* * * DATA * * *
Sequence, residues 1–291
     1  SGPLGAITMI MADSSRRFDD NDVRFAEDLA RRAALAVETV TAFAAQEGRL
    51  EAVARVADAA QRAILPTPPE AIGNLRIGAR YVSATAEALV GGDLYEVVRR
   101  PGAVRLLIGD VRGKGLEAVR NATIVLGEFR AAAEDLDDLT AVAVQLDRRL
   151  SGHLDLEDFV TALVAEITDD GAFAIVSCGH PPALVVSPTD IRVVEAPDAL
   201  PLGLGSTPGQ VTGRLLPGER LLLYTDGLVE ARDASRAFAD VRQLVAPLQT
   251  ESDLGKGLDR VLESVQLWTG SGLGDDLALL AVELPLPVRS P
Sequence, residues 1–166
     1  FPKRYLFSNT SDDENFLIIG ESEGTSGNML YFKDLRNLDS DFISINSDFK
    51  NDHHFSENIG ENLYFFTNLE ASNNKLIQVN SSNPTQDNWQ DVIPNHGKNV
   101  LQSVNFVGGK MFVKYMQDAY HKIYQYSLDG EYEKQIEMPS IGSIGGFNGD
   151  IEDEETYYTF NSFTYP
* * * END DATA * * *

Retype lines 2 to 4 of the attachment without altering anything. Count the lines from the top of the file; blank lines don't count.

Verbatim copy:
     1  SGPLGAITMI MADSSRRFDD NDVRFAEDLA RRAALAVETV TAFAAQEGRL
    51  EAVARVADAA QRAILPTPPE AIGNLRIGAR YVSATAEALV GGDLYEVVRR
   101  PGAVRLLIGD VRGKGLEAVR NATIVLGEFR AAAEDLDDLT AVAVQLDRRL